I’m part of the mocking mob.
A hymn by Horatius Bonar.
I am continually moved by the words and works of Scottish churchman and theologian Horatius Bonar. The tenor of writings is uniquely cruciform, bringing to bear an exemplary christological faith that remains unmatched by his peers. Bonar’s hymns are priceless specimens of precisely what sinner-saints need. Namely, a persistent reminder of the efficacy of the blood that covers all our sin “once for all.” In the following lines, Bonar puts himself among the jeering mob that applauded as Christ was nailed to the Roman gibbet and crucified as a common criminal. But, in an unforeseen twist of grace, being among that mob means he’s one for whom mercy was won:
I see the crowd in Pilate’s hall,
I mark their wrathful mien;
Their shouts of “crucify” appall,
With blasphemy between.
And of that shouting multitude
I feel that I am one;
And in that din of voices rude,
I recognize my own.
I see the scourges tear his back,
I see the piercing crown,
And of that crowd who smite and mock,
I feel that I am one.
Around yon cross, the throng I see,
Mocking the sufferer’s groan,
Yet still my voice it seems to be,
As if I mocked alone.
‘Twas I that shed the sacred blood,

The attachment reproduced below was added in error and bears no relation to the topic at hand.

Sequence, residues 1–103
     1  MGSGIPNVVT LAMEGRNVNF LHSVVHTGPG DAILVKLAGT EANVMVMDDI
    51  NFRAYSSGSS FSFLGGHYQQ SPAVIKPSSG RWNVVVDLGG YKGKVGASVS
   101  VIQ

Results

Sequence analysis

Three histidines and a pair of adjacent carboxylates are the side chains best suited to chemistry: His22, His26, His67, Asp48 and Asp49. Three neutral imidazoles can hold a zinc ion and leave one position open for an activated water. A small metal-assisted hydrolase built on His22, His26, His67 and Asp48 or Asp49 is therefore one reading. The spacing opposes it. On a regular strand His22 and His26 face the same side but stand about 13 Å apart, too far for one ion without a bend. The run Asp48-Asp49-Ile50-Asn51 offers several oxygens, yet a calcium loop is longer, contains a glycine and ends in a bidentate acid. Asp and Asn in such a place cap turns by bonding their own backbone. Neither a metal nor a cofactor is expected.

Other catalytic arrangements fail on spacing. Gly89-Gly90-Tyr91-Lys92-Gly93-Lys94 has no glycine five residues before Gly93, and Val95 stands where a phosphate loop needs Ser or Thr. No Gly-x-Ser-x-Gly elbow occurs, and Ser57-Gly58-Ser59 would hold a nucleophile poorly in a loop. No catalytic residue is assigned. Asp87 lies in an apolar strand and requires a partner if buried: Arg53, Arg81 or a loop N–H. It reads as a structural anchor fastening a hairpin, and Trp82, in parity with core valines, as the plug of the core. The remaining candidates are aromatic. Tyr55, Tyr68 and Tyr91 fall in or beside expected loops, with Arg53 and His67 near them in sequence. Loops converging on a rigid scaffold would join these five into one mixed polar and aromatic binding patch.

I nailed him to the tree,
I crucified the Christ of God,
I joined the mockery.
Yet not the less that blood avails,
To cleanse away my sin,
And not the less that cross prevails
To give me peace within.1
I can’t help but read those lines and weep as I, too, was one among that crowd. The chants of “Crucify him” come from my lips, revealing the squalor of sin that exists within my own soul. Wretched words that emanate from a wretch mouth. And yet, the blood which I and the mob called for is the same blood which reconciles us to God. Bruised and broken, naked and abhorred as that criminal appeared, he was yet the Christ of God, atoning for every sin of even those who were spitting on him in that moment. “Believer, not one sin of all your life was absent, when He was dragged to the cross,” exclaims Henry Law. “All your transgressions strained the cords. They concurred to drive in the nails, and to make deep the wounds. Your iniquities brought in that death. That death brings in your life.”2 And such is how a merciless mob is pardoned.
Grace and peace to you, my friends.
Horatius Bonar, Hymns of Faith (London: James Nisbet & Co., 1858), 227–28.
Henry Law, Christ Is All: The Gospel of the Pentateuch—Exodus (London: Religious Tract Society, 1864), 25.